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Rubycone - Pictures For Susceptible Housewives CD (album) cover




Progressive Metal

3.99 | 13 ratings

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Special Collaborator
RIO/Avant/Zeuhl Team
4 stars Even a casual listener will immediately notice the album's quirky title and the matching, Fifties-style cover artwork. The tracklist will then reveal titles that bring the Canterbury scene to mind, displaying a sense of humour that is none too frequent in the world of progressive rock. The actual listening experience, however, may turn out to be disappointing for those expecting a series of avant-garde-tinged, amusing stories - "Pictures for Susceptible Housewives" is a wholly instrumental album, and the only vocals heard come in the shape of voice-overs. Though the album was conceived as a series of sonic vignettes, loosely based on the effect of consumerism on ordinary people, its instrumental nature makes the connection between the concept and the music somewhat elusive, unless one is possessed of a very fertile imagination. It was nevertheless a bold move on the part of the band, and one that could lead to interesting developments .

Musically speaking, Rubycone occupy that grey area between prog-metal and hard-edged 'classic' prog la King Crimson. The prog-metal inspiration is most evident in the second half of the album, in the crushingly heavy riffs and rapid-fire drumming of the likes of "Cry Baby, You Are a Machine" and "Don't Stop, Michael". Echoes of King Crimson surface instead in the guitar tone of "Children and Funny Earthquake". Most of the tracks alternate slower, mid-paced sections with hectic riffing and spiky, shred-like lead work - as exemplified by "Vikings Love Horses", which features some tasteful, Spanish-style guitar licks alongside the unleashed riffage, and the drum-powered "Fisherman's Story".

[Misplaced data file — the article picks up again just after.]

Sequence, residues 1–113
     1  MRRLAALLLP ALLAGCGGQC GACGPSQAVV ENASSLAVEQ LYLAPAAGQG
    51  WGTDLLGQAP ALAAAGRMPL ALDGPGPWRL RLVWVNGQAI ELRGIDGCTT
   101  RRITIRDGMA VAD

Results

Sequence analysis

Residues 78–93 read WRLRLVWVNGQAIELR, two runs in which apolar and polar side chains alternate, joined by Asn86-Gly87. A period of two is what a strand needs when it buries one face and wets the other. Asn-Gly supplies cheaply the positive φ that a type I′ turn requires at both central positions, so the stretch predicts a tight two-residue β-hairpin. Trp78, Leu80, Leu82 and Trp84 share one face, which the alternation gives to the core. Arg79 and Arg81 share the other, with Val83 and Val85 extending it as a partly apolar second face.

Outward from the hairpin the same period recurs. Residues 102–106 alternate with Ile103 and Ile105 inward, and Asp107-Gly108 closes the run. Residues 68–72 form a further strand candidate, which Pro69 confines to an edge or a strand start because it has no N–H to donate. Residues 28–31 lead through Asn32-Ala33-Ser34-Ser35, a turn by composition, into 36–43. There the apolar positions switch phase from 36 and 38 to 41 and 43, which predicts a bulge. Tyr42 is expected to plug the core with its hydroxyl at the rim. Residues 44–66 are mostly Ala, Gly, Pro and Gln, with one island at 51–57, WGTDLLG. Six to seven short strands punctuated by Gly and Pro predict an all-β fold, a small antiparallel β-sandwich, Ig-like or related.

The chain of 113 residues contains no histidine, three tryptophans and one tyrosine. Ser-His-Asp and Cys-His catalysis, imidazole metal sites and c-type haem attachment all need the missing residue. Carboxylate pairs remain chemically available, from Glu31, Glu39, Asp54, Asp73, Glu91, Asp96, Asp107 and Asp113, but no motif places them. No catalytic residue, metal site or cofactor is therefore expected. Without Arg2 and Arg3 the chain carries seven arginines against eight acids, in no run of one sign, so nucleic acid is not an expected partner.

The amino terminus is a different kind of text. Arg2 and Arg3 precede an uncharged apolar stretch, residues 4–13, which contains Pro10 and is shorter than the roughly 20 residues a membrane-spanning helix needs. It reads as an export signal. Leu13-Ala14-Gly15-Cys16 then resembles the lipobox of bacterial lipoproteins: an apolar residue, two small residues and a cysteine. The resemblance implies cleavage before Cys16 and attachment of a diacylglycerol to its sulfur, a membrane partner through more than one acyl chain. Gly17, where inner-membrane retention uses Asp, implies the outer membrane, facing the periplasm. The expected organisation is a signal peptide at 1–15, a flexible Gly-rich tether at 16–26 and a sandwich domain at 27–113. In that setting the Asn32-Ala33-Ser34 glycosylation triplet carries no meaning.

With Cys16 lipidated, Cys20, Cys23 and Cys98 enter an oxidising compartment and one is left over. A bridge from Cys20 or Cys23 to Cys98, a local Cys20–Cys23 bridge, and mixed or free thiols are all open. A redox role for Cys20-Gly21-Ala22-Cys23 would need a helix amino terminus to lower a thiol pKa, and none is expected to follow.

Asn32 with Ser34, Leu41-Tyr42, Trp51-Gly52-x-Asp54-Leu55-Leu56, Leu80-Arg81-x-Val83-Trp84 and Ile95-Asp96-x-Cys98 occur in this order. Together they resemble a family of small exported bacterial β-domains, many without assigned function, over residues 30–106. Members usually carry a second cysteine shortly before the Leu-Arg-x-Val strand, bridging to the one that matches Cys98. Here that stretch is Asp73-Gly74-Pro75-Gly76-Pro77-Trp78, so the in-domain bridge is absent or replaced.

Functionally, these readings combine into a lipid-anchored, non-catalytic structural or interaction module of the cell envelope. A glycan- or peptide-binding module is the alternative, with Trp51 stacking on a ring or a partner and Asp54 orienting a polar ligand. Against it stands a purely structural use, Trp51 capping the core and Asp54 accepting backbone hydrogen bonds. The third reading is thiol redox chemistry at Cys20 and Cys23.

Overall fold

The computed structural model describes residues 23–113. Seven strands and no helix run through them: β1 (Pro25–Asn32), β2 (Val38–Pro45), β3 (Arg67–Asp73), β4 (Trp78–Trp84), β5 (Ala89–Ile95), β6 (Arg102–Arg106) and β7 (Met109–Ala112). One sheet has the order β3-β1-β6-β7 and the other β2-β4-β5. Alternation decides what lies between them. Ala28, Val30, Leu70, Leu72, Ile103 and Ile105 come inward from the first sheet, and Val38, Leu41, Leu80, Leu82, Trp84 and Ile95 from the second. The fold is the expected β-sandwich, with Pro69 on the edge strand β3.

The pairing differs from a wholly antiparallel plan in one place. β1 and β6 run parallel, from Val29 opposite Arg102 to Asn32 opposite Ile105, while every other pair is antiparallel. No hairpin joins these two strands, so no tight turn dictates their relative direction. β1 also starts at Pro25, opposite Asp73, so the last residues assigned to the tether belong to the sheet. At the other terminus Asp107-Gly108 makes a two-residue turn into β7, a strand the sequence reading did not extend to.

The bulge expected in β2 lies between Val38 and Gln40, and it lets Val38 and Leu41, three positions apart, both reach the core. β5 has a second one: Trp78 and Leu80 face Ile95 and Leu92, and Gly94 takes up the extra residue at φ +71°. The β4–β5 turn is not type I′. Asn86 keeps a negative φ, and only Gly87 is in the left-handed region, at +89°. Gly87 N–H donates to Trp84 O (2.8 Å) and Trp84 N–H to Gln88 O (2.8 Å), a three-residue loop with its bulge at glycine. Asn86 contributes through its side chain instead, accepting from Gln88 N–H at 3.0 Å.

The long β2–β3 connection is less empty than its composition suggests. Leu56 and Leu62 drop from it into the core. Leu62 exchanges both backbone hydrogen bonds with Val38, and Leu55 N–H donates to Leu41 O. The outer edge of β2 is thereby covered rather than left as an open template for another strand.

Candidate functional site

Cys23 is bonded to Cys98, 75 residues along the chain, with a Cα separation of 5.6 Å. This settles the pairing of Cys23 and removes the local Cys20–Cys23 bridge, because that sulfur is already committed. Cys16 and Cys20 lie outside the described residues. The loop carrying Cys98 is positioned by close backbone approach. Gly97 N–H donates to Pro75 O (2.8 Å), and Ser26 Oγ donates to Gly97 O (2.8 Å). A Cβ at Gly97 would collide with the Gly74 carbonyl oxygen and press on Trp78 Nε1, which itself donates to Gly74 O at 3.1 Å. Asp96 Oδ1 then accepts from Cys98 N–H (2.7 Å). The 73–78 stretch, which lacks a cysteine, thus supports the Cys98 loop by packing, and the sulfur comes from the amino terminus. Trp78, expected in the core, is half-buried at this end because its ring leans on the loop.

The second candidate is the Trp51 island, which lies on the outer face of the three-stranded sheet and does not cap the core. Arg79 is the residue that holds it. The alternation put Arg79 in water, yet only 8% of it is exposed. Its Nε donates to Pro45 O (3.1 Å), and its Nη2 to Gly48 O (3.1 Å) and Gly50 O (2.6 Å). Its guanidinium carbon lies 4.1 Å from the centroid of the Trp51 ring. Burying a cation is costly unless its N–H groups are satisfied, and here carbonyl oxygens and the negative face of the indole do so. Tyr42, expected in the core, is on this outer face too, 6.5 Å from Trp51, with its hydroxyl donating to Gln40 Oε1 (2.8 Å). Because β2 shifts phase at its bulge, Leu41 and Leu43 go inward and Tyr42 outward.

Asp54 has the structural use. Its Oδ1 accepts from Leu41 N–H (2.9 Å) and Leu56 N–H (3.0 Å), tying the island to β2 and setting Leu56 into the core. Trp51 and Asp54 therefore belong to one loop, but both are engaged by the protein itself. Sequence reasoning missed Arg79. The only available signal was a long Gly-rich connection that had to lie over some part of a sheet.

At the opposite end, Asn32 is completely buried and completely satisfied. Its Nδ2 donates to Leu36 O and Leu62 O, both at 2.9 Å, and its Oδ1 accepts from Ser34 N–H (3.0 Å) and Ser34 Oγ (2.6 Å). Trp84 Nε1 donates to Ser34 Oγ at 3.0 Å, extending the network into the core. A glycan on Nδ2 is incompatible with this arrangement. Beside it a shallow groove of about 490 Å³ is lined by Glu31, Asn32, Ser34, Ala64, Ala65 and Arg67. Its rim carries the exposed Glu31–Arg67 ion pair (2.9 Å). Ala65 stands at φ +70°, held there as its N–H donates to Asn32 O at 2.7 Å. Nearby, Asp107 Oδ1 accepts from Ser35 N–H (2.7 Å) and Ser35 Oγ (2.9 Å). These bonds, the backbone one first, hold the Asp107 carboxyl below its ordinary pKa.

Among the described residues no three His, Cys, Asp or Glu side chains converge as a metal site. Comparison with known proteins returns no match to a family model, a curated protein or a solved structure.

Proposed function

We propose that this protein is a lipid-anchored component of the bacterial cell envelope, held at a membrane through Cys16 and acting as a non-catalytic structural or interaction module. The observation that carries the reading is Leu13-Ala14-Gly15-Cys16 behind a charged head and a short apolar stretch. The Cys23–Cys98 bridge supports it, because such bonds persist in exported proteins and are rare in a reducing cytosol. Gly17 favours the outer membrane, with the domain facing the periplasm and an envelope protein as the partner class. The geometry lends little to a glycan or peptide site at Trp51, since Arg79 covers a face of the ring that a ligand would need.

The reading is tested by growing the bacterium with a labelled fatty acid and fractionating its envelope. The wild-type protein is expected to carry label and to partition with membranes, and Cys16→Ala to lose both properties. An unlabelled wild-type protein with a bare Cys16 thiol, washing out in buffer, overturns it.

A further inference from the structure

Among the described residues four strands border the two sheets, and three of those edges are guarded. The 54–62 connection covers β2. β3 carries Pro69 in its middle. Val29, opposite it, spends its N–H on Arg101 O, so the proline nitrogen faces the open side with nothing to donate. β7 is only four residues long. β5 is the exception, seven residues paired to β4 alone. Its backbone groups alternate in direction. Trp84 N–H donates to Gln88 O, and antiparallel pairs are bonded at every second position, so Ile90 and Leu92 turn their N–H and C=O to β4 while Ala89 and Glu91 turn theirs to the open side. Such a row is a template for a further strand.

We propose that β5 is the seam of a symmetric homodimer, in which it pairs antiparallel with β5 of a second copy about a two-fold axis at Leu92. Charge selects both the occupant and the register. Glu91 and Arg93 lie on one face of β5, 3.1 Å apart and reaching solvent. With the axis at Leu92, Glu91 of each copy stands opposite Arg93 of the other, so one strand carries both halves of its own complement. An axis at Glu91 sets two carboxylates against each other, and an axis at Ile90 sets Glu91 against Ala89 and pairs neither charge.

As the whole album runs at 41 minutes, the tracks are short and to the point - the longest, album closer "When the Rain Is Over, I'll Say to You Hasta la Vista", is for more than half made up of sound effects (rain, thunder and lightning), plus a snippet of dialogue from the "Terminator 2" movie, while the rest is a full-throttle metal cavalcade. Given the nature of the music, the disc's short running time is definitely a bonus point ? something a lot of modern bands still have to learn. There are also a couple of mainly acoustic, very short interludes, "Midnight Broken Heart" and the funnily-named "Porcupine Tree Alone".

As can be expected from such an ambitious album, the musicianship is excellent throughout. Thankfully, the collective members of Rubycone avoid bludgeoning the listener over the head with their technical chops, and the outstanding production values make it possible for each musician to be heard and appreciated in his own right. On the other hand, it should also be said that "Pictures for Susceptible Housewives", though an undeniably solid effort, is not always completely successful in the originality department, and that the frequent shredding can get somewhat tiresome at times. A bit more melody in the guitar department would definitely be an improvement for the future, especially if the band choose to pursue the path of instrumental music.

Raff | 4/5 |


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